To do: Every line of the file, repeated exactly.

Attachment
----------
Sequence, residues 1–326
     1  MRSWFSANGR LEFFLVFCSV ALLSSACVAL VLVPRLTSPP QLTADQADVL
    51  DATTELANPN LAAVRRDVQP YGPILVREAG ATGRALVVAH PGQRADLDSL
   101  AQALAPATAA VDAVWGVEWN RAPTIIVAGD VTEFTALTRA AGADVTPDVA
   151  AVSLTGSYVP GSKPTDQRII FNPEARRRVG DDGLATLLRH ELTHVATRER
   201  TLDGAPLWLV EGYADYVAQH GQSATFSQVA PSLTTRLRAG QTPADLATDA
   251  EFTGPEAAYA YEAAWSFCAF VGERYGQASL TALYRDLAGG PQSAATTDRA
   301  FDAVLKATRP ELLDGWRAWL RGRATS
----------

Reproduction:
Sequence, residues 1–326
     1  MRSWFSANGR LEFFLVFCSV ALLSSACVAL VLVPRLTSPP QLTADQADVL
    51  DATTELANPN LAAVRRDVQP YGPILVREAG ATGRALVVAH PGQRADLDSL
   101  AQALAPATAA VDAVWGVEWN RAPTIIVAGD VTEFTALTRA AGADVTPDVA
   151  AVSLTGSYVP GSKPTDQRII FNPEARRRVG DDGLATLLRH ELTHVATRER
   201  TLDGAPLWLV EGYADYVAQH GQSATFSQVA PSLTTRLRAG QTPADLATDA
   251  EFTGPEAAYA YEAAWSFCAF VGERYGQASL TALYRDLAGG PQSAATTDRA
   301  FDAVLKATRP ELLDGWRAWL RGRATS